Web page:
Regarding all there great adages and stories about finances, what I do hear and believe myself is that although most of the time it seems that if one stays locked into their job and a life of financial security: no risk is taken and little is gained.
Good thread, and lots of interesting replies.
What I find is common, however, is that "going cruising full time" is fairly romanticized, while "ocean sailing for four weeks a year" is presented as a poor, weak substitute.
As I read more of the sailing quarterlies here in the UK (from the Cruising Association, from the Westerly group, from the Rival group, and more), you realize that cruising successfully, for four weeks a year, with pre-teen children is a decent and rewarding achievement in itself. It's a life-long touch point for the kids, it changes the nature of your family, and the achievements can be remarkable.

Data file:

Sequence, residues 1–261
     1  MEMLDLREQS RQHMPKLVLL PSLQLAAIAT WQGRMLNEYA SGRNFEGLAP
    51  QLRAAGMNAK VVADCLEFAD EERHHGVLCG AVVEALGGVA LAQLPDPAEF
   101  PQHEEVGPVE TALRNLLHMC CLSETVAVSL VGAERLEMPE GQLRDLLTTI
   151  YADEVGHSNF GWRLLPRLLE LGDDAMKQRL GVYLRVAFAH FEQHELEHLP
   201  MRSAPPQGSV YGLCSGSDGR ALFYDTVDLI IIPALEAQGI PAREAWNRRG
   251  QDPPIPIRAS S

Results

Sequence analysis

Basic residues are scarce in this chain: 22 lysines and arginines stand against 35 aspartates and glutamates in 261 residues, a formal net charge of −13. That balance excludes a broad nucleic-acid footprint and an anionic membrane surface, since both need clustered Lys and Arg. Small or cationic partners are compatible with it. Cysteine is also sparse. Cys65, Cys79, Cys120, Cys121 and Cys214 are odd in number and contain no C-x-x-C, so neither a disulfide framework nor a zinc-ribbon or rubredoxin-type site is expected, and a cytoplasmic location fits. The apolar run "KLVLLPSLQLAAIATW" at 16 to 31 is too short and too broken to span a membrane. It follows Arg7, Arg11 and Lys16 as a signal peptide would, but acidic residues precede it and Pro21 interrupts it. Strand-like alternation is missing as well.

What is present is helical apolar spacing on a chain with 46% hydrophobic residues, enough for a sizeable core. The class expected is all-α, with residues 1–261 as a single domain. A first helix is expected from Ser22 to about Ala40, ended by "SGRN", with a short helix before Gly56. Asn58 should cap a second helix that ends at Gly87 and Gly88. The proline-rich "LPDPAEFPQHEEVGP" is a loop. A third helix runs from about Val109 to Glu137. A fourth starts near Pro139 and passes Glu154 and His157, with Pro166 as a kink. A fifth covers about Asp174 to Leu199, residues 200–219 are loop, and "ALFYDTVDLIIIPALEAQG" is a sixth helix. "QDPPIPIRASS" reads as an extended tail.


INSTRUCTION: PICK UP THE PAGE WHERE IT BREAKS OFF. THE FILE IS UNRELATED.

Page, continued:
That type of cruising (for example, two weeks to Holland and back) is also something that is achievable by a middle income family, with an older boat, experience and a will to do it. Many of the sailing mags around here are about how to pick up a boat for very little, fix it up, and then go sailing and cruising safely. (An added benefit is not having to quit your job, sell your house, spend your savings, lose your health insurance, etc.)
When I read books by Liza Copeland and others, who did cruise full-time with their kids, even they sent kids home for high school years and the like, because the overall effect of long-term cruising for kids can be a two-edged sword. Not just from a socialization viewpoint, but from the idea of them having summer jobs to save for college.
My two biggest financial concerns regarding cruising full time with kids having nothing to do with my own retirement or returning to work after the cruise. The two real problemis having family health insurance for 2-6 years while cruising, and then having something saved up to help the kids with their college costs when we return. Even state colleges today (and five years from now) could put a kid seriously into debt with college loans.
Anyway, keep things in perspective, and celebrate the cruising you've done and can do even if you keep working. Yes, we could all die tomorrow for one reason or another, but that doesn't take away the cruising we did two weeks ago, or last summer, or for the last five years.